Sydney based, Founder and Editor of bi-weekly online publication & PLATE, Edana Isobel Jamora,talks about building an online community, battling against the internal struggle of finding enough belief to keep going, and finding the right balance between creativity and business.
Edana what was your dream job as a child?
follow url see url I’ve always known that I wanted to convey ideas, messages and inspiration through writing and other expressions whether it is for film or print, doing what I do now for &PLATE or playing a character on-screen. As a child, I knew already that a regular 9-5 job just wasn’t for me.
What is the strongest memory of your childhood?
I had a very privileged upbringing, filled with generosity, love and warmth. I was a nineties kid, so I remember doing things just prior to the transition into the digital age, experiencing life prior and within has made me very thankful but also very nostalgic. It’s a nice blend of appreciation, growth and knowledge.
I grew up in New Zealand, it was a simple and family oriented time. We had a family farm in Bombay Hills where we would gather everyone from my mother’s side, my father’s and anyone even distantly related plus friends and we would have picnics and bonfires on the weekend. We are a family of green thumbs so we would always be gardening whether it was planting flowers or produce like pumpkins, tomatoes and all sorts of veggies. I also remember loving going down to the creek where there was a big weeping willow tree that stood by the foot bridge my grand-aunt and grand-uncle made and I would go down in my little gumboots and harvest my favourite greens, watercress.
It was a very disconnected which in a sense sounds rather uneasy to us now, because it’s hard to think of a world without devices present but there was a real sense of communion and it always brings back fond memories.
What was your first job?
My first real job was working at a Teahouse and that was when I just finished high school so I was sixteen or seventeen years old going to university. It was a lot of fun, I was very passionate about working because I loved tea and the culture around it and I made lots of great lifelong friends. I worked with the company for six years and being around that kind of energy was really important for me especially during those impressionable years. I realised that work can be enjoyable and something that you can also love.
How did you get into online publishing and what attracted you to it?
I had a dinner party at my apartment one night with a few friends and we were all having great conversation and it struck me that night that most of my great ideas and inspired notions came from sharing a meal and great conversation together with good company, it was just the perfect elixir. I had all these thoughts of things that I wanted to explore, discover and say and that was really the birth of &PLATE.
For the longest time I’ve wanted to start a print magazine which &PLATE was initially supposed to be, but being self-funded and way beyond my depth I hadn’t the slightest idea about the business side of running something like that. So, I thought to start at something more manageable like an online publication where I had the ability to control the operations of all things. At the same time, I really wanted to create a space not just for my creations and me but also a space for creatives globally to have a space to share their works. Having &PLATE in print form is definitely a goal for the future, fingers crossed soon!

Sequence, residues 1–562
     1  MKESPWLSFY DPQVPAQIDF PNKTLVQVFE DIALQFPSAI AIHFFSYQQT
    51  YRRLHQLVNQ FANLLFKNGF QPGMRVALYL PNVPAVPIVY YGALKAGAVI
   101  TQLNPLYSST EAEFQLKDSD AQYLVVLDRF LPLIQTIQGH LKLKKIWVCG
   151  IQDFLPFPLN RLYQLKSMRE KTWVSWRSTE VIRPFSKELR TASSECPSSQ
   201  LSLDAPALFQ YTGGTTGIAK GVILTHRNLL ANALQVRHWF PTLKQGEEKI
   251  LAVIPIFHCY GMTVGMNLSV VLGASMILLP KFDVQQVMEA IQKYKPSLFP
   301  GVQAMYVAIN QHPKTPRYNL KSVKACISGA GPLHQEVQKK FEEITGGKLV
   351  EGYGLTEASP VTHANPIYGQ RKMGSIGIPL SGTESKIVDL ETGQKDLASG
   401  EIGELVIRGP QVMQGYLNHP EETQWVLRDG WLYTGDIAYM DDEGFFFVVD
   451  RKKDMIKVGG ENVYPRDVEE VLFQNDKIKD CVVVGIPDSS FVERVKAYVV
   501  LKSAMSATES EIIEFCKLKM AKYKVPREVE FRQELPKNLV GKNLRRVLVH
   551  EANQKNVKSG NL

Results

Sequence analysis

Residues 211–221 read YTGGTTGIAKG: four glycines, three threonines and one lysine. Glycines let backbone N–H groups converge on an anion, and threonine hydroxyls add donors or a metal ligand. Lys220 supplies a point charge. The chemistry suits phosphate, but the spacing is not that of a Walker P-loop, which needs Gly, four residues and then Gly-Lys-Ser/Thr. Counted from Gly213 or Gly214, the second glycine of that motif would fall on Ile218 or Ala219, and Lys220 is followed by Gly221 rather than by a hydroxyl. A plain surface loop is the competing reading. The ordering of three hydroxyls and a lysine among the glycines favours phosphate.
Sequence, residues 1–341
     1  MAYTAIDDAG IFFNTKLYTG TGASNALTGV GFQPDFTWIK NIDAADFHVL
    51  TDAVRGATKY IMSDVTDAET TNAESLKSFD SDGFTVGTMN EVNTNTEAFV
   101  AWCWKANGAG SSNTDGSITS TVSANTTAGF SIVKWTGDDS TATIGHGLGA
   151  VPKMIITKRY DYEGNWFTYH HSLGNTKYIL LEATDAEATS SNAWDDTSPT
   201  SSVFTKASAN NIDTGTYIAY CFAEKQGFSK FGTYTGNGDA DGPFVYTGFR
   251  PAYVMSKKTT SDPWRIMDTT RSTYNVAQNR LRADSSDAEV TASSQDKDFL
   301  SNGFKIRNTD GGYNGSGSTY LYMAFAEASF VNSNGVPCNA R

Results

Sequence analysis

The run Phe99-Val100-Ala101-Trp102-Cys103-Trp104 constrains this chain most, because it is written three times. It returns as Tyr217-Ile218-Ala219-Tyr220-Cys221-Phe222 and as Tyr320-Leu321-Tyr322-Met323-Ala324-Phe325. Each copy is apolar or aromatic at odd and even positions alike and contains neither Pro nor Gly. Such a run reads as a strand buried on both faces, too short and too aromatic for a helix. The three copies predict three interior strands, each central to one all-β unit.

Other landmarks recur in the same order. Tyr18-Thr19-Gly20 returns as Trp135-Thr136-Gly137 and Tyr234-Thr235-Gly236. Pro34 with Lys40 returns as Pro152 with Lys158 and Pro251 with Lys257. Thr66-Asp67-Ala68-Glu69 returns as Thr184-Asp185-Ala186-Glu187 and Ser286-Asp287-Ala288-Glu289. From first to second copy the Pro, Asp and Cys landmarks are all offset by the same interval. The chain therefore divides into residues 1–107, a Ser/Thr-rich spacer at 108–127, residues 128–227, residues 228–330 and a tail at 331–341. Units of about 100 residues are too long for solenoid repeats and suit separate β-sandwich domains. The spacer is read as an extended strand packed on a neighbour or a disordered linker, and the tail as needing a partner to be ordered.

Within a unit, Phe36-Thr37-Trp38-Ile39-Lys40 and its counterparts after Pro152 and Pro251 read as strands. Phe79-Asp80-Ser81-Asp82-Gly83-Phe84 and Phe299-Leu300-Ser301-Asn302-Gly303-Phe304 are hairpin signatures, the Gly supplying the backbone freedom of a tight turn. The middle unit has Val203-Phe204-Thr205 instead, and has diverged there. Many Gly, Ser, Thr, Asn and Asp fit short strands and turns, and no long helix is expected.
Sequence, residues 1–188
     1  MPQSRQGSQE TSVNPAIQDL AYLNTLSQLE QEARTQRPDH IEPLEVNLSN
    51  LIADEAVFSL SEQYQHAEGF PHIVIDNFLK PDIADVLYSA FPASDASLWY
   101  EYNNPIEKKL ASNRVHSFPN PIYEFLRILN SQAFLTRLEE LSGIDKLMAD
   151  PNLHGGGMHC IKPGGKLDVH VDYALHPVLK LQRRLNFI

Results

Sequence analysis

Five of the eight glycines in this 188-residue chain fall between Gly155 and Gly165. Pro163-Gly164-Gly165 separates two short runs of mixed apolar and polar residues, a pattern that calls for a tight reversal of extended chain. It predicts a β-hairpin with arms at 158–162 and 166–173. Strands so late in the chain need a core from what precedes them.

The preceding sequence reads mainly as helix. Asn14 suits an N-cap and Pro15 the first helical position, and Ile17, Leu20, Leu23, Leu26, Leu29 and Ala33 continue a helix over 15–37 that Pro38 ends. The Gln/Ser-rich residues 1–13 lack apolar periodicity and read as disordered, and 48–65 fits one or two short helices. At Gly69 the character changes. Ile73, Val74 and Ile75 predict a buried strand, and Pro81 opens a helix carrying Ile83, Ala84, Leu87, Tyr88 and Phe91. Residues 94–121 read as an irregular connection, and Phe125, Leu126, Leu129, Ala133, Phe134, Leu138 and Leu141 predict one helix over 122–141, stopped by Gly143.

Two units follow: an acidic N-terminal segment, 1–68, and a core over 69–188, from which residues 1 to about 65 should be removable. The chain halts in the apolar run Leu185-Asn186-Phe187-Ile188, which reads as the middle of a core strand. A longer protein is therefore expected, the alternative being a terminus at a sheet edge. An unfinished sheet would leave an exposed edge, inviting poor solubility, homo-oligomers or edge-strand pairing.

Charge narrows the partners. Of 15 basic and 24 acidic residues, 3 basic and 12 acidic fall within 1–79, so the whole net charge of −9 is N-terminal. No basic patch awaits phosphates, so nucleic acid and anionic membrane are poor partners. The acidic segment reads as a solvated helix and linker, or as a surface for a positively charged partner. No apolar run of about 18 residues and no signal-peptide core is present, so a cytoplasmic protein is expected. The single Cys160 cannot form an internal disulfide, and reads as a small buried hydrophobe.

How and why did you launch &Plate? What is the idea behind it?
There was a lot of internal planning and &PLATE was finally launched in August 2014. I got in contact with different start-up brands needing exposure as well as bloggers and creatives that had beautiful work and asked if they wanted to share it on this creative space. I really wanted to build a community with people who shared the same interest and vision and everything else on top of that was just bonus points.
What is &Plate revenue model?
We do specifically catered collaborations with brands who share our ethos. We integrate their provisions into creative pieces and try to tell their story and how it relates to us in a creative form so it’s not just about endorsements or marketing strategies. We come together with the same vision to inspire a piece of work alongside readers and consumers. There’s a lot of strong ground because it’s a very supportive and mutually passionate partnership.
What was your strategy to go from zero to build an online community of international followers and readers?
It was really all about sending emails out to create awareness to countless influential bloggers and creatives alongside of course family, friends, networks and friends of friends and so on and so forth. The good thing about the internet now is that you can share everything.
Is &PLATE a profitable venture now?
No, not entirely – slowly but surely it is, it started off as just a passion project but I never really thought about monetizing from it, after a while I realised that it is quite naïve to think that it would be sustainable without revenue coming through. Everyone works incredibly hard and you always want to give back. We are still working on getting the business side of things rolling and looking into sponsors and brand partners that speak closely to our ethos.
What was one challenge that you faced as an entrepreneur and how did you get over it?
Monetary challenges has been quite an issue, finding funding and sponsors that think that what you have going is worth the investment but that is something that can be achieved and overcome, it really just takes time. However, But it’s a constant wavering feeling particularly in this time now more than ever, it’s extremely challenging trying to break through creative industries, anyone can take photos, start a blog and be an overnight success with no method to it at all. How do you differentiate yourself from the rest? What is your pull and draw? There are so many considerations; I think there has to be a little bit of magic and luck in the mix also in addition to quality work of course.
What is one accomplishment you are most proud of?
For &PLATE I think the community that we’ve formed from places from all over the globe from several countries throughout Europe and Asia, United States, Canada, Australia and more – it’s incredible to see people who are that passionate and who share the same vision as you, it’s inspiring.